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Capriati: Is traveling under the radar her best option?

By Eleanor Preston
Special to *******************



Siggi Bucher
FROM THE TELECOM ITALIA MASTERS IN ROME – No one could ever accuse Jennifer Capriati of being anonymous. From the moment she burst onto the scene as a precociously talented teenager, Capriati has always collected headlines of various hues. From salacious discussion of the youthful indiscretions which followed her first fall from grace to the tributes which poured in when she finally turned her career around, Capriati has always been one to capture notoriety.

These days, at 27 years of age, Capriati is happier now that she's finally found a formula to stay out of the limelight. Keen to just go about her business as a professional tennis player away from the flashbulbs and headlines, Capriati turns down interview requests, fulfills only the minimum of her sponsors' obligations and answers the obligatory post-match questions with brisk efficiency. It's hard to imagine Capriati holding court at one of those giggly, lighthearted press conferences that the Williams sisters or Kim Clijsters frequently hold court at with journalists.

After the highs and lows she has experienced with the media few would blame Capriati for wanting to dip below the radar.

Nevertheless, it may not be the best decision for her tennis. With the hegemony of the Williamses still unchallenged, and Clijsters widely regarded as the only hope of breaking the cycle of Venus and Serena finals, not to mention the ever present threat from Justine Henin-Hardenne and Amelie Mauresmo, Capriati is in real danger of slipping out of mind as well as out of sight.

FOCUSED ... BUT ON WHAT?
Against Mauresmo in the quarterfinals in Rome, Capriati did as she always does. She fought, she dug deep, she patched into her livewire emotions and fed off her anger at line-calls, mobile phones and anything else that got in her way. In many ways the match (a high-quality affair which included a fifteen-minute tiebreak at the end of the second set) was classic Capriati.

There was plenty of the grittiness which saw her save four match points against Martina Hingis in the '02 Australian Open final; there was the dogged resistance from the baseline that saw off Clijsters in the '01 Roland Garros final; it was all there. But it wasn't enough.

Tthere was something missing, as though a little of the hunger had gone. Mauresmo, despite (as ever) battling her nerves and handing Capriati errors at crucial moments, proved she wanted it more and moved into the semifinals with a 6-3, 7-6 victory. The loss to a class player like Mauresmo is hardly a reason to write off Capriati's career but with the French Open just a drop shot away, it was hardly a bolster for her confidence.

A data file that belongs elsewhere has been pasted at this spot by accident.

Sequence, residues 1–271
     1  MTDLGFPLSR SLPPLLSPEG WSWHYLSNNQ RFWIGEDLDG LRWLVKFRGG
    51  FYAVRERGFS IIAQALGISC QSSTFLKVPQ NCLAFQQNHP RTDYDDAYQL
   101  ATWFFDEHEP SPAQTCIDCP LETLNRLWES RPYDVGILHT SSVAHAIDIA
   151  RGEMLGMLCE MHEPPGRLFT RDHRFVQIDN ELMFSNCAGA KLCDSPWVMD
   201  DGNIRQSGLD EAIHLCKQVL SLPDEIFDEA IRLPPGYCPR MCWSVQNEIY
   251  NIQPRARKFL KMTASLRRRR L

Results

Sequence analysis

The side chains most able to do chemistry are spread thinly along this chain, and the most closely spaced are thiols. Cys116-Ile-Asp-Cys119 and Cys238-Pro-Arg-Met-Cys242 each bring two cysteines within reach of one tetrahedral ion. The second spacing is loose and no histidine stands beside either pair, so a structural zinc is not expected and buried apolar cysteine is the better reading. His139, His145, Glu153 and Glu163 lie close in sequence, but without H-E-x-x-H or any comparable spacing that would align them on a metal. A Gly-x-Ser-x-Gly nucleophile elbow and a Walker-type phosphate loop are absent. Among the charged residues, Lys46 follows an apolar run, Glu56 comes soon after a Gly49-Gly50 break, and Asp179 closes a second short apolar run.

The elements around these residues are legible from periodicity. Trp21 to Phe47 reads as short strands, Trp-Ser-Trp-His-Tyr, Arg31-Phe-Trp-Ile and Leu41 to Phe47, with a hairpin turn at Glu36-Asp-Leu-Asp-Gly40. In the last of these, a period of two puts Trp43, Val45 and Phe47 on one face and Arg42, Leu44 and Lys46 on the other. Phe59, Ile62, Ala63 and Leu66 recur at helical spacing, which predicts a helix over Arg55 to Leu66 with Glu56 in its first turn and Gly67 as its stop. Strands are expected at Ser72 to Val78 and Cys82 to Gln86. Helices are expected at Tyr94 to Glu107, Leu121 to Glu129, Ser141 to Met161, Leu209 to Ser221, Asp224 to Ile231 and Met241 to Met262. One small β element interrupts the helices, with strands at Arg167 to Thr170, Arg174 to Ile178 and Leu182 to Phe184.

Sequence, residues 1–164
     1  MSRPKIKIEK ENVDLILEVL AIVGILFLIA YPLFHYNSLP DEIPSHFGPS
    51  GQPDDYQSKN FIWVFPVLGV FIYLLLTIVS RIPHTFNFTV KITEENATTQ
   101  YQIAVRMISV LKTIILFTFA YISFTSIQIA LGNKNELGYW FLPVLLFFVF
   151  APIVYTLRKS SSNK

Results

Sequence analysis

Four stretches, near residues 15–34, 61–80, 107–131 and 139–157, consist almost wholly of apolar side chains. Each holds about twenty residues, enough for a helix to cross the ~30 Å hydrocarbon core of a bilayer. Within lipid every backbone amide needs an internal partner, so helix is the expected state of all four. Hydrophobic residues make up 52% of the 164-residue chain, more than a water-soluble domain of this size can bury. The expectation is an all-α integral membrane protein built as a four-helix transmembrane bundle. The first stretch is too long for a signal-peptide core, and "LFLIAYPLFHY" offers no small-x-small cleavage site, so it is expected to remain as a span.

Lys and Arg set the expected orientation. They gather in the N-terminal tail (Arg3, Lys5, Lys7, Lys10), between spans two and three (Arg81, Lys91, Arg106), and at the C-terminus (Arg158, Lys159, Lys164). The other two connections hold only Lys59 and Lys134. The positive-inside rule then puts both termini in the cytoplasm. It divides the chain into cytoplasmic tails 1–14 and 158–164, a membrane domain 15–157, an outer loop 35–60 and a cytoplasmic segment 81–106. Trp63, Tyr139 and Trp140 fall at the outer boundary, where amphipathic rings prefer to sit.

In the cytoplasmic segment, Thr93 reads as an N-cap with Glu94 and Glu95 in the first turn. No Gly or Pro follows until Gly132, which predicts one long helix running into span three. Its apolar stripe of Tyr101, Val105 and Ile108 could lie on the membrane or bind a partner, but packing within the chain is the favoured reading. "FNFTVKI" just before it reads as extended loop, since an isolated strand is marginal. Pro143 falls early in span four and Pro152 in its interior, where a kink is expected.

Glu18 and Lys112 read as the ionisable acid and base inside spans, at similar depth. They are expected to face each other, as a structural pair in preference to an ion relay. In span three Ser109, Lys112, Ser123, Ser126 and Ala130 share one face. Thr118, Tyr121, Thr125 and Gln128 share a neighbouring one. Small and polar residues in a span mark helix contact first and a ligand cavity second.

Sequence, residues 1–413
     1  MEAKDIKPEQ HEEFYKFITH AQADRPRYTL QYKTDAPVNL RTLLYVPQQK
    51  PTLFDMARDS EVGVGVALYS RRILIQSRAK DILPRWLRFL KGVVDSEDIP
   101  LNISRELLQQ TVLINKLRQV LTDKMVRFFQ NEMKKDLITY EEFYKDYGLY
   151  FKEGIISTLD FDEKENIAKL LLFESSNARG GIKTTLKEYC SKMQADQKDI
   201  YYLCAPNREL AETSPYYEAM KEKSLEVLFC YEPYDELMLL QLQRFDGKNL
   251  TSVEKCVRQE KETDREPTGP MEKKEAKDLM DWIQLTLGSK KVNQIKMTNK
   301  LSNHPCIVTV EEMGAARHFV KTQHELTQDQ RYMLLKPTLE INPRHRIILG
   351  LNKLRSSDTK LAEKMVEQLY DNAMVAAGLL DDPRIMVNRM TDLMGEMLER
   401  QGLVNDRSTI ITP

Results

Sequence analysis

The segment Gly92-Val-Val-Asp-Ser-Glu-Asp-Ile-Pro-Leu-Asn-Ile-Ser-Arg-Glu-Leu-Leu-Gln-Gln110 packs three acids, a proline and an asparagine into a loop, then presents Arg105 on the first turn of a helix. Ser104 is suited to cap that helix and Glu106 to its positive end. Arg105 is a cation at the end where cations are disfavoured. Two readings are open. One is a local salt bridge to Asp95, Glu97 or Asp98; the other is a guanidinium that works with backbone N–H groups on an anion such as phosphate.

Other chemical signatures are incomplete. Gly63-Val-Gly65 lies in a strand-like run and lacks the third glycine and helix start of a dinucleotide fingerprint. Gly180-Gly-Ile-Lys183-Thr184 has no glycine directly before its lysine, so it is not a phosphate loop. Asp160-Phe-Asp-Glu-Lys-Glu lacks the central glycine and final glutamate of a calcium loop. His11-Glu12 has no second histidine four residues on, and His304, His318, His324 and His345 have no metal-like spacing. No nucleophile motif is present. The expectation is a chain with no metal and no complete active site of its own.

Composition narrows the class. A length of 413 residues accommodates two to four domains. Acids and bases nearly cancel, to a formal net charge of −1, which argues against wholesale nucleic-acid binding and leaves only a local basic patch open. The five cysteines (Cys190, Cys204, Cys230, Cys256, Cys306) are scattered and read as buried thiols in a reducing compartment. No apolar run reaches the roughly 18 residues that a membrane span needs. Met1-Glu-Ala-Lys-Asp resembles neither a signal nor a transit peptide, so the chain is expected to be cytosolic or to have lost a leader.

Susan Mullane/
Camerawork USA, Inc.
Most tellingly of all, Capriati was passive in her tactics and uncharacteristically content to stay well behind the baseline and allow Mauresmo to dictate. She may be a former Roland Garros champion but the usually aggressive Capriati is anything but a clay court backboard, waiting for others to call the tune.

"I've got to do more and come out from the start," said Capriati afterwards. "I've just got to do more on those opportunities. I definitely could have done things a little bit differently – been moreaggressive and stepped up to the ball."

TIME TO STEP UP
Capriati is going to have to start stepping up to the ball – both metaphorically and literally – if she wants to keep pace with the younger generation and dispel the growing impression that she is satisfied with her haul of three Grand Slam titles.

She has both the experience and the game to add either another French Open, a first Wimbledon or US Open titles to her collection, but only if, as before, she is ready to defy the odds.

It would be too dramatic to describe her current period of ennui as a slump, and there is certainly no need for another Lazarus-like comeback. It is time, though, that Capriati started to get herself noticed again. After all, she has never been one for the quiet life.
 

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Capriati can't go under the radar. She couldn't go under the radar when she was ranked 100th in the world.
 

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thats true...Jennifer will do many things but if anything shell go out LOUD PROUD AND WITH THE CROWD! with that in mind...no Jennifer will not go under the radar...but what the article was saying was that she needs to step it up a notch...and she does she needs to find that extra strength ...which by all accounts is all that is seperating her from those top 3 girls...Jen will always be of the best because she WAS the best at one point...and KNOWONE can take that away from her....IF she wants to she can be #1 but she HAS to want to be #1 and i dont think she thinks she has what it takes...baby shes wrong then cause i know she has the weapons! Jen KICK SOME ASS!
 

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I agree with Trish but In a way I think its good that she lost in the quaters - she'll have extra time to prepare for RG and she knows she has to step it up even more. Im not even going to doubt her for RG because whenever people think she does nt have a chance - she wins! GO JEN I STILL BELIEVE IN YOU!
 

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It was a tough loss for Jen but at least she know's why she lost and what went wrong! Shit she played so deffensive against Momo i couldn't believe how far she stood behinde the baseline! But anyways i havent lost faith and i think we might all get a shock in RG!
 
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